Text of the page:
Else J. Fjerdingstad

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Although multiple mating most likely increases mortality risk for social insect queens and lowers the kin benefits for nonreproductive workers, a significant proportion of hymenopteran queens mate with several males. It has been suggested that queens may mate multiply as a means to manipulate sex ratios to their advantage. Multiple paternity reduces the(More)
Multiple mating is likely to be costly for ant queens and yet it is common. Whether multiple mating brings benefits to queens that outweigh the costs has, therefore, received considerable theoretical attention. Empirical tests of hypotheses have been scarce and no clear evidence has been reported. We tested the “multiple-mating-for-more-sperm” hypothesis on(More)
In most animals, the survival and reproductive success of males and females is linked to their size. The ability of individuals to control environmental influences on size will therefore have consequences for their fitness. In eusocial insects, individual males and reproductive females do not have to forage for themselves or control their local environment.(More)
Morphological diversification of workers is predicted to improve the division of labor within social insect colonies, yet many species have monomorphic workers. Individual-level selection on the reproductive capacities of workers may counter colony-level selection for diversification, and life-history differences between species (timing of caste(More)
Considerable attention has focused on why females of many species mate with several males. For social hymenopteran insects, efforts have primarily concentrated on determining whether multiple mating increases colony performance due to the increased genetic diversity. Most of these studies are correlative because it is difficult or impossible to(More)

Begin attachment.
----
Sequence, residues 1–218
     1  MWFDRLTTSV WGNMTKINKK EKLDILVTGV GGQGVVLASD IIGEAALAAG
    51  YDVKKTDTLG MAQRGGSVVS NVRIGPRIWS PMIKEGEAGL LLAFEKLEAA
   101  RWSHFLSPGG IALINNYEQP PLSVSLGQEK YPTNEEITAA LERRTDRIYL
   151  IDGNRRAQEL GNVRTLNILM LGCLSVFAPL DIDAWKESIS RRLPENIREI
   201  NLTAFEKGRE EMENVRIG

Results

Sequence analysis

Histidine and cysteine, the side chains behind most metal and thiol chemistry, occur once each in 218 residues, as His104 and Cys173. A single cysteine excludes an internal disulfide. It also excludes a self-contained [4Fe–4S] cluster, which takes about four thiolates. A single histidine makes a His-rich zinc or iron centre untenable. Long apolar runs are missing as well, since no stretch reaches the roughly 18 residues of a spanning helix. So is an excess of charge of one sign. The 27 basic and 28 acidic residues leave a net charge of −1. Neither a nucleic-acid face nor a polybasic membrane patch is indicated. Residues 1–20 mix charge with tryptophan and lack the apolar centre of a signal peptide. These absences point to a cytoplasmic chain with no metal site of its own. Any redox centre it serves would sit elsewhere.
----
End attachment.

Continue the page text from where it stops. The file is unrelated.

Multiple mating has been suggested to benefit social insect queens because high genetic variation within colonies might decrease the load imposed by sterile diploid males, enhance resistance to parasites and pathogens, and lead to a more effective division of labour and/or a wider range of tolerable environmental conditions. We tested these hypotheses in(More)
We studied a population of the Panamanian leafcutter ant Atta colombica and found significant between-colony variation for several male and gyne size parameters. Male sperm complement size was highly variable between individuals and was negatively correlated with head width and thorax weight, the latter itself positively correlated with wing length. This(More)
High relatedness among society members is believed important for the evolution of highly cooperative behaviours, yet queens of many social insects mate with multiple males which reduces nestmate relatedness and imposes also direct costs on queens. While theoretical models have suggested explanations for this puzzling queen behaviour, empirical studies fail(More)
Multiple mating by social insect queens is a common phenomenon despite likely imposing substantial costs on queens. Mating with several males could be adaptive if a more genetically diverse worker force is better able to always handle any task sufficiently well, leading to a higher colony homeostasis. If multiple-paternity colonies are more homeostatic,(More)